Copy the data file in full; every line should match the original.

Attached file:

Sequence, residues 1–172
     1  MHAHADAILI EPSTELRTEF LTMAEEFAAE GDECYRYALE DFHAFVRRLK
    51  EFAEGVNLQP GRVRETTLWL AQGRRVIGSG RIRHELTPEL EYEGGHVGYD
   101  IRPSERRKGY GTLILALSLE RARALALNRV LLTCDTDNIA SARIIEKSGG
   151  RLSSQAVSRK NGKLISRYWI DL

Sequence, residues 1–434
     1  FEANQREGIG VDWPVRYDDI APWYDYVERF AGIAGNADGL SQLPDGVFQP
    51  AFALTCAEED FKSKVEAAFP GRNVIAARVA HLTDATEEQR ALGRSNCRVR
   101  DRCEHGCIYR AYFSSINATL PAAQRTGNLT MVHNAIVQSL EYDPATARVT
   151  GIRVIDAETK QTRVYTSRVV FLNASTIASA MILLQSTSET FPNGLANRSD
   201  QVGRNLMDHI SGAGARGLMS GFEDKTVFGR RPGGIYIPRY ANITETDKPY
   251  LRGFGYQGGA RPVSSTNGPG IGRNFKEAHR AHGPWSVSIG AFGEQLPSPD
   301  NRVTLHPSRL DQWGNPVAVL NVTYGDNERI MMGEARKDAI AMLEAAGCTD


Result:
Sequence, residues 1–172
     1  MHAHADAILI EPSTELRTEF LTMAEEFAAE GDECYRYALE DFHAFVRRLK
    51  EFAEGVNLQP GRVRETTLWL AQGRRVIGSG RIRHELTPEL EYEGGHVGYD
   101  IRPSERRKGY GTLILALSLE RARALALNRV LLTCDTDNIA SARIIEKSGG
   151  RLSSQAVSRK NGKLISRYWI DL

Sequence, residues 1–434
     1  FEANQREGIG VDWPVRYDDI APWYDYVERF AGIAGNADGL SQLPDGVFQP
    51  AFALTCAEED FKSKVEAAFP GRNVIAARVA HLTDATEEQR ALGRSNCRVR
   101  DRCEHGCIYR AYFSSINATL PAAQRTGNLT MVHNAIVQSL EYDPATARVT
   151  GIRVIDAETK QTRVYTSRVV FLNASTIASA MILLQSTSET FPNGLANRSD
   201  QVGRNLMDHI SGAGARGLMS GFEDKTVFGR RPGGIYIPRY ANITETDKPY
   251  LRGFGYQGGA RPVSSTNGPG IGRNFKEAHR AHGPWSVSIG AFGEQLPSPD
   301  NRVTLHPSRL DQWGNPVAVL NVTYGDNERI MMGEARKDAI AMLEAAGCTD